Risk of learning disengagement is high

Peri Dix and Stephen Duke have been helping young people re-engage with learning, particularly during lockdowns. Picture: SUPPLIED.

By Mikayla van Loon

Any student trying to complete school at home would be struggling to find motivation and remain engaged.

But for students who were already struggling with this before lockdowns became a part of life, it has only made it harder to stay positive.

The Cire Community School, which has three campuses across Mount Evelyn, Yarra Junction and Berwick, provides a hands-on learning experience for young people who are at risk of disengaging at school.

Mount Evelyn campus principal Stephen Duke said this disengagement could present in a number of ways and be related to education, employment or social connectedness.

Mr Duke said some of this comes from financial difficulties, trauma or a lack of social connectedness.

Of the 226 students that attend Cire Community School some but not all would have experienced some kind of trauma in their lifetime, from family violence to neglect.

“So that’s developmental trauma which is trauma that hasn’t happened recently but trauma that has occurred in those early years of development, which is incredibly important for the way a young person sees themselves and their narrative,” Mr Duke said.

Mental health is also a huge barrier for students trying to learn, which can be exacerbated by the potential use of drugs or other substances, which Mr Duke said is just a cover for what is really going on underneath.

“It’s a behaviour that young people can start to do to try to cope with the pain and suffering they’ve been part of,” he said.

For these students it has been hard enough going through each of their own battles with learning, let alone adding a global pandemic into the mix as well.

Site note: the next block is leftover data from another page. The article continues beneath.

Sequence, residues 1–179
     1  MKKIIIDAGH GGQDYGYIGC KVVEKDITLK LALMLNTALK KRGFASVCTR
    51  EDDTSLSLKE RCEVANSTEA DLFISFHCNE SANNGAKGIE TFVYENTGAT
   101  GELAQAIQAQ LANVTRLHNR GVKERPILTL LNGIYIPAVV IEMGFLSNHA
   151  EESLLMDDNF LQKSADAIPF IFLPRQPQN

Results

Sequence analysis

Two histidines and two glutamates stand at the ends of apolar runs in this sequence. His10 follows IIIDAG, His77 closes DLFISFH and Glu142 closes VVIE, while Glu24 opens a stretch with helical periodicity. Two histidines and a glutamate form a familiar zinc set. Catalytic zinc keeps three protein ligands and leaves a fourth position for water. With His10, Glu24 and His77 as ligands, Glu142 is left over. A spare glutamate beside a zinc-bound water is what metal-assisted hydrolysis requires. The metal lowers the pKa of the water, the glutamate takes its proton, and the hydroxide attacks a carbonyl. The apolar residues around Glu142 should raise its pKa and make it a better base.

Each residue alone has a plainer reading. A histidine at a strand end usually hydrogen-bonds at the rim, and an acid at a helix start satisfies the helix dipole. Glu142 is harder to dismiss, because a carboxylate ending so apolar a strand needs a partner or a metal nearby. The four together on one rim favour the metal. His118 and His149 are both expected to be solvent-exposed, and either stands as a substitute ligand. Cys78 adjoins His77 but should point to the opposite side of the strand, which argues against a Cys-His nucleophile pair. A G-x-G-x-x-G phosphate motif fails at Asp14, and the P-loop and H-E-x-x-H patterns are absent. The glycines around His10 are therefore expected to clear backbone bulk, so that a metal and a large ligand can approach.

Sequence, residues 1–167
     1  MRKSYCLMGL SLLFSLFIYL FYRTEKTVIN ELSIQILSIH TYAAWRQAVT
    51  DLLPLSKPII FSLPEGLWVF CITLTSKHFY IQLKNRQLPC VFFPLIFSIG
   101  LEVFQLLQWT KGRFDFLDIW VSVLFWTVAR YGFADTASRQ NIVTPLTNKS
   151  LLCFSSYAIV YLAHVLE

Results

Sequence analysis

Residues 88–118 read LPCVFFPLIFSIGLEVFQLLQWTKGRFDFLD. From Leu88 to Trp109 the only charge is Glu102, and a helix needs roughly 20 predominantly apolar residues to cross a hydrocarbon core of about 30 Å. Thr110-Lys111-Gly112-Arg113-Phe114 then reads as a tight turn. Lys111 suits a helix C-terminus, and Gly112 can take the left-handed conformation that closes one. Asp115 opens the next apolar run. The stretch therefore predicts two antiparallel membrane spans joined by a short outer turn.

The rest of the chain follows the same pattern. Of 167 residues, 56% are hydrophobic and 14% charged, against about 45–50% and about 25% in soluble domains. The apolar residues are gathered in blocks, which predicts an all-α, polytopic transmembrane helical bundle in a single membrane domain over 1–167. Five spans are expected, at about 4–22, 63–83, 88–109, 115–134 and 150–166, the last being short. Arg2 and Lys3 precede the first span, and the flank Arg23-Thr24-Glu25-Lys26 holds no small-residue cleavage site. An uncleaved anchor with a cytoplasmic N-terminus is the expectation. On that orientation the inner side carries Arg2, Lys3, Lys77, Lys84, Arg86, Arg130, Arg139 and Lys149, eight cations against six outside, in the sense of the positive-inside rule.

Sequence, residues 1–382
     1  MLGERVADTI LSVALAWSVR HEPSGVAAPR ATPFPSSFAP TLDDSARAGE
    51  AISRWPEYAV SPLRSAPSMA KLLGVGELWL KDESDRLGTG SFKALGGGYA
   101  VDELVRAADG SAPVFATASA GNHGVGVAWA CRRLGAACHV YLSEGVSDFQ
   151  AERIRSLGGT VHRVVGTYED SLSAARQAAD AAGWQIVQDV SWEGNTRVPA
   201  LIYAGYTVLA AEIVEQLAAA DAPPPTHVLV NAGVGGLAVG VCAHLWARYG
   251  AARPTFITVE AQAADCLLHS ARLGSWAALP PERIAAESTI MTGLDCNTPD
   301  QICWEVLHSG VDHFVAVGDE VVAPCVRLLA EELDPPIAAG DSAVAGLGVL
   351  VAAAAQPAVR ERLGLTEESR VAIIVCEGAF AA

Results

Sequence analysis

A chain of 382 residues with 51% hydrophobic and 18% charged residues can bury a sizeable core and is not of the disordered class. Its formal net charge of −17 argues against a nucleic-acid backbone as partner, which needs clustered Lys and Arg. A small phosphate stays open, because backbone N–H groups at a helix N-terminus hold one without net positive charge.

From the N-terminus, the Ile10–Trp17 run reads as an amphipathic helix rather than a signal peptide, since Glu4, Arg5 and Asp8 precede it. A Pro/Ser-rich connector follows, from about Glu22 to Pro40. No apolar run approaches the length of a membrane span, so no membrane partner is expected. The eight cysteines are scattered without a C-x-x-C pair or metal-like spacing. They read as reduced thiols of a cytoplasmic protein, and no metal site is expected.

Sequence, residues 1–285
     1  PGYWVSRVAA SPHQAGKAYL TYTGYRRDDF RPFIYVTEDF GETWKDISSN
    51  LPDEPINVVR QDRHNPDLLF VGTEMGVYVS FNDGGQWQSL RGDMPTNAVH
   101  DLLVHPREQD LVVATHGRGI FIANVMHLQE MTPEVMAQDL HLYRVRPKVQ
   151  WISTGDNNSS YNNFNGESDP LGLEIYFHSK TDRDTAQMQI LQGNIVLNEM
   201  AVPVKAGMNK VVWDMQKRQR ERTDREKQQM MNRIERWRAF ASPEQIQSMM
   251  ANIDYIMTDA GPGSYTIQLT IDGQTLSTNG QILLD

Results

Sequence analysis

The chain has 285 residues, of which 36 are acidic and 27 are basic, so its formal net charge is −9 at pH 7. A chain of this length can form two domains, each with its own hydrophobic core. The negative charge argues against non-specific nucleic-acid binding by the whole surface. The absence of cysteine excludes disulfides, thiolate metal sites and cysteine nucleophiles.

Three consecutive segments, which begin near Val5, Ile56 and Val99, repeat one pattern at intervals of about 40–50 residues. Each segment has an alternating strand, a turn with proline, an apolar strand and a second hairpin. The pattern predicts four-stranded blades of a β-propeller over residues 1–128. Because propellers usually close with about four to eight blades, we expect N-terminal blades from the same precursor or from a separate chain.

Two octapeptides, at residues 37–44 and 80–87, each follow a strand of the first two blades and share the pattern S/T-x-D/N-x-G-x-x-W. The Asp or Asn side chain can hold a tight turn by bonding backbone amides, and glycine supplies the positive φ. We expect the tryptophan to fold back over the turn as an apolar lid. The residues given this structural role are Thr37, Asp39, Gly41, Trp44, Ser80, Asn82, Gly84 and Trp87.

The school’s executive manager for education Peri Dix said teachers have pulled together some great online learning resources but the challenge has been engaging students.

“Getting them engaged and getting them online, making sure that we, hopefully come into contact with each of them every day, whether it’s via online classrooms or those students that don’t come online, we phone, to make sure we’re touching base with them, just to make sure they’re all right, that’s been a real difficulty,” Ms Dix said.

Mr Duke said for these students it’s not even just about keeping them motivated to learn but about making sure their social skills remain intact, which can be tough when students are isolated at home for a number of weeks.

“The social emotional well being of the students, their mental health, these are young people and young people all crave that social interaction with their peers,” Ms Dix said.

“But I think our students require that even more so, to keep that even keel, to know that they’re there with a group of people who support them and who have positive regard for them and losing that can be really tough for some of the kids.”

Without social connectedness, mental health and wellbeing is a huge concern for these young people and young people all over.

“Ultimately, you know we’re talking about making sure young people stay alive. We are driven by the academics to keep them moving forward and having a sense of purpose but really we’re also driven by making sure these kids are safe and well,” Mr Duke said.

Having witnessed the return to on-campus learning a number of times now, Mr Duke and Ms Dix said initially students are quite excited to be back but the following few days the reality of school hits them.

“Those next few days were quite hard with them trying to then work out their social setting, where they sit in the pecking order, how do I connect and work through problems and conflict,” Mr Duke said.

“Sometimes we’ve got kids that are coming in from where conflict hasn’t been great in the home over that period of time and the way that they treated each other hasn’t been respectful, and then they come in here, an environment we’re trying to keep super safe and super respectful.”

While motivation to keep learning and keep moving forward in studies is low at the moment, Mr Duke said the fear of finishing school and not having anywhere to go is quite real for Year 12 students.

“I feel like people are less ready. I was talking to a few people the other day that have fear about finishing here and part of the lockdown is also them feeling that way about themselves and lack of self confidence.”

Cire Community School currently has places available at the Yarra Junction campus for Year 5 and 6, with enrollments open for all campuses for 2022.

For students struggling with engagement, Mr Duke suggested contacting the Integrated Youth Health Hub for mental health and wellbeing support.